Being able to speak your truth with conviction and then being willing to walk away if this partner is unable, unwilling, or simply not compelled to walk forward toward you in the ways you need this love to be communicated is the first step to the reclamation of your self-love. You need not convince anyone of anything. You do not need to compromise the integrity of what your heart desires to be fulfilled in a relationship.
And then there’s the other side of this, too. It is unhealthy to harbor resentment, rejection, or regret for this other person’s inability to show up to the table. Invite understanding into your repertoire, because they too are a soul on a learning experience through the mirror of another. Even if this other person isn’t as clear or spiritually conscious as you, their soul is still accumulating the lessons necessary for their highest and best growth in the grand scheme of things.
Consider yourself both a teacher and a student when it comes to a relationship. Through each relationship, you clarify and define the ways that you need to be loved. Codependent relationships only elevate, accelerate, and intensify the lesson, particularly when it comes to twin flame relationships.
With all this said, the desire to have beautiful things, people, situations, and relationships in your life is not in vain. I say it is your birthright. During your clarification of the type of relationship and intimacy you desire, you are also clarifying the signals that go out to the universal creative force itself.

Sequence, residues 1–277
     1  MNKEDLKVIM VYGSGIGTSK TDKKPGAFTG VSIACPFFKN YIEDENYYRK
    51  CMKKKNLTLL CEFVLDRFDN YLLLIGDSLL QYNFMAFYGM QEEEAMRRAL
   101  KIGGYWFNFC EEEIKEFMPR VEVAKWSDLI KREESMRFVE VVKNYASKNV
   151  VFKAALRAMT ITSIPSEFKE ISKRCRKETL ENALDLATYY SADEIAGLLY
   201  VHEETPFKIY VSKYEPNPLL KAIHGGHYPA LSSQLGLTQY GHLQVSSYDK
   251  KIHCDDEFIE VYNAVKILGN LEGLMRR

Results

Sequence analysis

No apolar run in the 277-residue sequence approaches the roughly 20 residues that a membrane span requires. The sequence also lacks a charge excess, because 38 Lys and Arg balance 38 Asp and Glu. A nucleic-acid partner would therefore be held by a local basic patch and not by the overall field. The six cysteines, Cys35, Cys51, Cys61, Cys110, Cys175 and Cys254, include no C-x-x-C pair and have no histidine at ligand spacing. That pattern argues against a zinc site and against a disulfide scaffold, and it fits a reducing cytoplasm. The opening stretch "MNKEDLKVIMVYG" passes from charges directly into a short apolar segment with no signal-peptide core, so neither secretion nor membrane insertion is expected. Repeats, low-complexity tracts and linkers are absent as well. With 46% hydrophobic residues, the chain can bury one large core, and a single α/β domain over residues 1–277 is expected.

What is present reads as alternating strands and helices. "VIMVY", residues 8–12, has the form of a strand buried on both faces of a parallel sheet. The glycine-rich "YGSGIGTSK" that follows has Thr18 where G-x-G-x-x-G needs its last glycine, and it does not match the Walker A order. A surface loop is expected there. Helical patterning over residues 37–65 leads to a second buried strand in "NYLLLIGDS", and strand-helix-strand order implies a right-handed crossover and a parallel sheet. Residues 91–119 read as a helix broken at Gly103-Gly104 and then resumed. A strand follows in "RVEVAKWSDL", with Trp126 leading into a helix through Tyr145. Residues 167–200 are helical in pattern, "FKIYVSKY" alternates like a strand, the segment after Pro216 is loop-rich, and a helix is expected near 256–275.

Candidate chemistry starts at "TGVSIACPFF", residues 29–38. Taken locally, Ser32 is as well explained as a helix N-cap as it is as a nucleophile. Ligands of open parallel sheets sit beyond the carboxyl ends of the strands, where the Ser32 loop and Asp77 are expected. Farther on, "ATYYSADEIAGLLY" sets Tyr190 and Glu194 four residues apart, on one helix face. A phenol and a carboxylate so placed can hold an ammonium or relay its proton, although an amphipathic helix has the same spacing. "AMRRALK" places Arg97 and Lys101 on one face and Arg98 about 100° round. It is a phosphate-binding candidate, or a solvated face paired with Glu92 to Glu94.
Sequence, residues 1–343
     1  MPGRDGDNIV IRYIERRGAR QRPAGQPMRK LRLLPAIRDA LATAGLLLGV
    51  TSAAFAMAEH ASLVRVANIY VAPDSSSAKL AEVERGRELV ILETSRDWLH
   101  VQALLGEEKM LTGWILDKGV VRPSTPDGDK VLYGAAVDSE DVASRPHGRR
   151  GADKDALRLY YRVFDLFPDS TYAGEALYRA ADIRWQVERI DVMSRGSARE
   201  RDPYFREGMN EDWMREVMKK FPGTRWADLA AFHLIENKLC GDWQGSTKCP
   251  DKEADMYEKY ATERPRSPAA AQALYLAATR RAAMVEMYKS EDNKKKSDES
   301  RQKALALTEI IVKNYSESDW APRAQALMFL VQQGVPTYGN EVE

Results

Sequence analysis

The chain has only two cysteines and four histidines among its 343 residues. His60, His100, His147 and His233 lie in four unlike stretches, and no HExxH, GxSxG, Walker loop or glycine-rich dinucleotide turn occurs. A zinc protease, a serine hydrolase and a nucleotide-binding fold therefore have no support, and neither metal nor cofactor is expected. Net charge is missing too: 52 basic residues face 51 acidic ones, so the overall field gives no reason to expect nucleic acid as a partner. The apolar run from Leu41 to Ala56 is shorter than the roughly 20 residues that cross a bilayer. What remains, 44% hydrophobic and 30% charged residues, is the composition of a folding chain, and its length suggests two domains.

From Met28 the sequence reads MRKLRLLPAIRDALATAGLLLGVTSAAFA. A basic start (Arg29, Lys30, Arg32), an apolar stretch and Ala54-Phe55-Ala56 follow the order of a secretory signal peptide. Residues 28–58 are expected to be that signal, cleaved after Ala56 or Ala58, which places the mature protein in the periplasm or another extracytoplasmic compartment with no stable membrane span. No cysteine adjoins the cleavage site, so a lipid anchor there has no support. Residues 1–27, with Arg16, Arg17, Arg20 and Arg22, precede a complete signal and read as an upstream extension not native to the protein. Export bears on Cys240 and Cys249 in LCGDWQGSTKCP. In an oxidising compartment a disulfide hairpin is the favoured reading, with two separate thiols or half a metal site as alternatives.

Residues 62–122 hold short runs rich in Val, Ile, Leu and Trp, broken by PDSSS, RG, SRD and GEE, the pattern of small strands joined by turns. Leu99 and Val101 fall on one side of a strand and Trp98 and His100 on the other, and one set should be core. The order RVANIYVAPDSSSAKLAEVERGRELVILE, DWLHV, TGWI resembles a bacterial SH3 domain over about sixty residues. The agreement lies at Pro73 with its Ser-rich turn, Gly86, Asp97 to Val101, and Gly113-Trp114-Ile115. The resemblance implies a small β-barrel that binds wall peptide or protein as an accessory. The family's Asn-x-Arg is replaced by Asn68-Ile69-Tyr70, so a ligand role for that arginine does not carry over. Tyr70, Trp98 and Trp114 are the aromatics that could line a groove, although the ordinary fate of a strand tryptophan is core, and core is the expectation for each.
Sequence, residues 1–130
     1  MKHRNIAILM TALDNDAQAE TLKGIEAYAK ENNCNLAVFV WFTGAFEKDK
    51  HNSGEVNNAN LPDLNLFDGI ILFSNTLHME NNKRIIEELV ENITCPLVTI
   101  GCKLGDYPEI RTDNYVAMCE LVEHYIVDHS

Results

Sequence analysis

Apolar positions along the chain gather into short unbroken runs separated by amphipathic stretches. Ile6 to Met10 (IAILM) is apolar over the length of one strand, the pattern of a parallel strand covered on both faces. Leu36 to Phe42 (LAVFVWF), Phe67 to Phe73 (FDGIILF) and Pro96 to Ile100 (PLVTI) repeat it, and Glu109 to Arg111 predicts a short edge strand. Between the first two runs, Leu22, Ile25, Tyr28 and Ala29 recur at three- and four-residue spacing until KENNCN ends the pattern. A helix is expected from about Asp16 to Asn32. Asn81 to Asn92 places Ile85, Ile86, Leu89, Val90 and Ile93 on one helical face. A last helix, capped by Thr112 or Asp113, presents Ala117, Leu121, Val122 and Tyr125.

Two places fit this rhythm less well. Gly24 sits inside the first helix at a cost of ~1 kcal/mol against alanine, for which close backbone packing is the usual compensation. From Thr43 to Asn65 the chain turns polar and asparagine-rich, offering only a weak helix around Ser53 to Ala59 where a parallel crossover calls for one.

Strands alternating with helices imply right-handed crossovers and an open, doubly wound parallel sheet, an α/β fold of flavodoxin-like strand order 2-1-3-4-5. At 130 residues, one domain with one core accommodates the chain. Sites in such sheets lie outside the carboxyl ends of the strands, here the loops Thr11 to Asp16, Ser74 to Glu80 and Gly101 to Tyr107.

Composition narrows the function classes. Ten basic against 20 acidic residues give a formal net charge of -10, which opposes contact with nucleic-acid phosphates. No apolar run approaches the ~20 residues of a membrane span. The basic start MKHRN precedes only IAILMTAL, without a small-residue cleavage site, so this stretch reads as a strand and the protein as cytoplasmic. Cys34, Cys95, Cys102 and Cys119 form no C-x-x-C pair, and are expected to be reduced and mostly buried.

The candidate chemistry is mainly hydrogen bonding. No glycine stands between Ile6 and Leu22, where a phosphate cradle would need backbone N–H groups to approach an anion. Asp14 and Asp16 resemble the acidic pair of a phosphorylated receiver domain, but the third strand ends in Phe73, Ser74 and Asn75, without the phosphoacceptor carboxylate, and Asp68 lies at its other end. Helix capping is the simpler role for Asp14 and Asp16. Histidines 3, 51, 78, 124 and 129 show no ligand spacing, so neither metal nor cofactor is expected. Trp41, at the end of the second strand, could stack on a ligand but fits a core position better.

Our thoughts, words, and actions have potency. Take the time to recognize when you are coming from a place of lack or love, trauma or intuition.
With this moment of self-reflection, an uninterrupted signal is sent straight into the matrix for realization and actualization. You create the energy that you want to receive, and the Universe has no choice but to reflect that back to you in your life; it only wants to match vibration. Always, above all, choose to operate from love.
The love you give yourself is the love that will be returned to you. So, if you want to be loved for your goofy giggle, your wild ideas, and/or your unsettled wanderlust, it is imperative that you give yourself permission to love all these things about yourself. Dare to love what is…what you are. This process of self-love heals the brokenness of what once was and places you into perfection of what already is.
No, codependence isn’t a dirty word; it’s a learning word. It’s a trigger word, because it is your subconscious mind’s alarm system that indicates something is out of alignment.
Codependency is an opportunity for reflection, clarification, and coming back into self-love.
Through this process, one or more souls get to evolve as separate entities who come to meet in the middle and create a bigger, more vibrant experience facilitated by a mirror we call love.